• Greater expressivity — Cyc is grounded in the LISP language and has many higher-order logic constructs. Paradoxically, this greater expressiveness may make translation to UMBEL more difficult
  • Older conventions — also related to these groundings in an earlier era are the reliance on functions and functional predicates for many relations, and the absence of the current triple data model underlying RDF. While it is true that OWL versions of OpenCyc have been made and are the basis for UMBEL’s work to date, there are also errors in these translations perhaps in some instances due to the lesser expressiveness of RDF and OWL
  • Documentation — while complete reference materials can ultimately be found, it is difficult to do so and introductory and entry-level tutorials could stand to be augmented
  • Named entities — for many years, but now especially with the emergence of Wikipedia, Cyc has been criticized for its relative paucity of named entity coverage and imbalances of what it does contain. While from UMBEL’s perspective this appears to be strictly correct, such criticism misses the mark of Cyc’s special purpose and contributions as a solid conceptual and common sense framework. Those common-sense portions of the system are more immutable, and can be readily mapped to named entity sources. Indeed, perhaps Cyc will now see new vigor as the Web becomes a superior source for contemporary named entity coverage while Cyc fulfills its more natural (and needed) structural role.

Surprisingly, for a system of its age and evolution, Cyc seems to have adhered well to naming conventions and other standards.

UMBEL’s project diligence thus found the biggest issue going forward to be the cruft in the system. There is a solid structure underneath Cyc, but one that is too often obscured and not made as shiny and clean as it deserves.

The Decision and Design

Five months of nearly full-time due diligence was devoted to this question of the suitability of Cyc as the intellectual grounding for UMBEL.

On balance, OpenCyc’s benefits significantly outweighed its weaknesses. This balance also stands considerably superior to all potential alternatives.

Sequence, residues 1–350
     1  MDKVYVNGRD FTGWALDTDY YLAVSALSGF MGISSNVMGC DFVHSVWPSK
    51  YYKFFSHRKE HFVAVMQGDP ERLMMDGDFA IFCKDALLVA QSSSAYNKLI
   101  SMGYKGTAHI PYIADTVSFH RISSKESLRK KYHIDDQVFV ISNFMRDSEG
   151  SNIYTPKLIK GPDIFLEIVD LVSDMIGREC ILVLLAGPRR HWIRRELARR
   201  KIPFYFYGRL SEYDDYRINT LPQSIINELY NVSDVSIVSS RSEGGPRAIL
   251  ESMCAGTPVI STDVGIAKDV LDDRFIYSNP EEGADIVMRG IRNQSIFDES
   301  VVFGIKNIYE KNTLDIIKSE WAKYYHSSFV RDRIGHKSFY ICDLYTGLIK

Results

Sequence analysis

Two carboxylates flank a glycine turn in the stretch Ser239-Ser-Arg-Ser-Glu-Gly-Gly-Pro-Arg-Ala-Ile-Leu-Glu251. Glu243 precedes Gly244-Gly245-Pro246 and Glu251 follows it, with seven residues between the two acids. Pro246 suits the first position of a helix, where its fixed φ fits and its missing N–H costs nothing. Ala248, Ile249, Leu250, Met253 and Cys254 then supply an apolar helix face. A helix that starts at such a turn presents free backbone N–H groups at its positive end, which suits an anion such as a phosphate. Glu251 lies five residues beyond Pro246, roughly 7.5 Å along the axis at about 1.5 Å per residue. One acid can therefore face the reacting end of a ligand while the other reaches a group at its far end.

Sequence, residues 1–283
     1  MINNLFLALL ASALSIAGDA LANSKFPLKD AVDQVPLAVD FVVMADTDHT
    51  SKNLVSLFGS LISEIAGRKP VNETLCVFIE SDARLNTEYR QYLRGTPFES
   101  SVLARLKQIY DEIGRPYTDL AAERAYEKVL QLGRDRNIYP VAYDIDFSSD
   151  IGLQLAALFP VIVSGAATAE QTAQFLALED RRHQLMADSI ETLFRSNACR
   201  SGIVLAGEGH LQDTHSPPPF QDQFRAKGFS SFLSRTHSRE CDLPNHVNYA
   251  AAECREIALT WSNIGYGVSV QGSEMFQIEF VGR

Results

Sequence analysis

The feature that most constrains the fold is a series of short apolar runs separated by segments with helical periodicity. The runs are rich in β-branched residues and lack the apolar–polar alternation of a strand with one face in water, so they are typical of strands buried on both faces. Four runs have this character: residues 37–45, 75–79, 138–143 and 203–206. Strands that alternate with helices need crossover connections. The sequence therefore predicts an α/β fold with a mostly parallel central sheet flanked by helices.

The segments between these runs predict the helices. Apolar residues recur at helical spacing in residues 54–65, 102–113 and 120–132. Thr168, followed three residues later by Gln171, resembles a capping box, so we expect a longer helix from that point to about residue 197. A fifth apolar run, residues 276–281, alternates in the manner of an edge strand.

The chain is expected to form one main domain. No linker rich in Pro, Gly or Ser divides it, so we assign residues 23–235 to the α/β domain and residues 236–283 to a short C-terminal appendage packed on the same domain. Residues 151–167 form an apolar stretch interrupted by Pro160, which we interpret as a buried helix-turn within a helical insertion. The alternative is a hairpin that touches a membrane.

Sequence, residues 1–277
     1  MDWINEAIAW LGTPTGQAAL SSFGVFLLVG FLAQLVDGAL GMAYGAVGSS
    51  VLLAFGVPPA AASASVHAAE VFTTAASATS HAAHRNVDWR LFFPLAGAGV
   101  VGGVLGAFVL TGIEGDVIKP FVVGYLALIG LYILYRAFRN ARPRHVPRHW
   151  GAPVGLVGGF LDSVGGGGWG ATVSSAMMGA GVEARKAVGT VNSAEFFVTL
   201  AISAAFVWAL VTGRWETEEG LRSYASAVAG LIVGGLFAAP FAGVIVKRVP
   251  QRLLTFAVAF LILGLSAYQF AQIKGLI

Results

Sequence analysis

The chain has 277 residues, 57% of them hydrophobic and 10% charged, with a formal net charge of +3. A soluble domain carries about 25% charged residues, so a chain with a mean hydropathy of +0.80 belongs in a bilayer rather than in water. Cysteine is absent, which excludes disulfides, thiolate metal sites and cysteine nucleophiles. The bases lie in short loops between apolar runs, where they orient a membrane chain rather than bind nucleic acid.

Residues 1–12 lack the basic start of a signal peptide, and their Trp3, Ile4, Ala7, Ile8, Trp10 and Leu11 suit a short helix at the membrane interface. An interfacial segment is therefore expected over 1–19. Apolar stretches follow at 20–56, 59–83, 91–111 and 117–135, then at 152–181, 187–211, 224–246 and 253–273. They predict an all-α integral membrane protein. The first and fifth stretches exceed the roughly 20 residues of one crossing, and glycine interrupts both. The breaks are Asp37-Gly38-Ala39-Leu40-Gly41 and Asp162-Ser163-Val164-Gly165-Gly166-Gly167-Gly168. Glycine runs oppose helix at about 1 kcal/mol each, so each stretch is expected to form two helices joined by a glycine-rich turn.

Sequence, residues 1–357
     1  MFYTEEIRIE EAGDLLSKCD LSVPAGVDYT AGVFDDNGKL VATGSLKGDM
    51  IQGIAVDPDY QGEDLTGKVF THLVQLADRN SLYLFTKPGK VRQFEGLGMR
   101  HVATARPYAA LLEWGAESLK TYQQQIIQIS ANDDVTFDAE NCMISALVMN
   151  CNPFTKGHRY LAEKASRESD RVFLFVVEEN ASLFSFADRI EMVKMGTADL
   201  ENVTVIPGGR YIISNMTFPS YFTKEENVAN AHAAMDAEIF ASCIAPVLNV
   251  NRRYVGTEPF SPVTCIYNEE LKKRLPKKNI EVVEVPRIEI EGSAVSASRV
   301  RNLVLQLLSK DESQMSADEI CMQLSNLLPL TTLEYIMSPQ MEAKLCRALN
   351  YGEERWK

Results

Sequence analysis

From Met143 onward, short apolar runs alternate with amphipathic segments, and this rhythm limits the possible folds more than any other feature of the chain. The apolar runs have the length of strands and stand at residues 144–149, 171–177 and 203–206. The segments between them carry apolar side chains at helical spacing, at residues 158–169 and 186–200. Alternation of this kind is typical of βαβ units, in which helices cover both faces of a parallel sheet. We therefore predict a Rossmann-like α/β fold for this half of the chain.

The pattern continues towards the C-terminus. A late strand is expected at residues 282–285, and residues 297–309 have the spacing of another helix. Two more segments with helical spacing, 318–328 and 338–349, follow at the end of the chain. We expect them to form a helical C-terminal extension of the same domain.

An important factor through this deliberation was the commitment of Cycorp and The Cyc Foundation to the aims of UMBEL, and the willingness of those organizations to lend time and effort to promote UMBEL’s aims. Twenty years of development and the investment of decades of human effort and scrutiny provides a foundation of immense solidity.

Though perhaps Wikipedia (or something like it also based on broad Web input) might emerge with the scope and completeness of Cyc, that prospect is at minimum some years away and by no means certain. No other current framework than Cyc can meet UMBEL’s immediate purposes. Moreover, as stated at the outset, UMBEL’s purpose is pragmatic. We will leave it to others to argue the philosophical nuances of ontology design and “truth” while we get on with the task of creating context of real value.

The next decision was to base all UMBEL subject concepts on existing concepts in OpenCyc.

This means that UMBEL inherits all of the structural relations already in OpenCyc. It also means that UMBEL can act as a sort of contextual middleware between unstructured Web content and the inferential and tools infrastructure within OpenCyc (and beyond into ResearchCyc and Cyc for commercial purposes) and back again to the Web. We term this “roundtripping” and the capability is available for any of the 21,000 subject concepts vetted from OpenCyc within UMBEL.

Having made these commitments, our next effort was to break out the brushes, roll up the sleeves, and plunge into a Spring session of deep cleaning. This effort to vet and clean OpenCyc will be documented in the Technical Report to accompany the first release of the UMBEL ontology. We think you’ll like its shiny new look. :)

This is Part 4 of 4 on the foundations to UMBEL. This four-part series covers a Re-Introduction to UMBEL, UMBEL: Making Linked Data Classy, Subject Concepts and Named Entities, and Basing UMBEL’s Backbone on OpenCyc. These articles are lead-ins to the discussion of the actual UMBEL ontology. That series will begin next.

[1] Examples of upper-level ontologies include the Suggested Upper Merged Ontology (SUMO), the Descriptive Ontology for Linguistic and Cognitive Engineering (DOLCE), PROTON, Cyc, John Sowa’s Top-Level Categories and BFO (Basic Formal Ontology). Most of the content in their upper-levels is akin to broad, abstract relations or concepts (similar to the primary classes, for example, in a Roget’s Thesaurus), though Cyc is a clear exception with its stated emphasis on capturing “common knowledge.”
[2] See, for example, this listing of about 100 academic articles devoted to structure and linguistic uses of Wikipedia: http://www.mkbergman.com/?p=417.
[3] FACTory is a game that lets people enter knowledge into the Cyc knowledge base. Via this online game, Cyc tries to determine the truth or falsehood of a series of facts. When enough people have agreed that a fact is true or not, Cyc considers it confirmed and stops asking about it. See http://game.cyc.com/helpfiles/HowToPlay.html.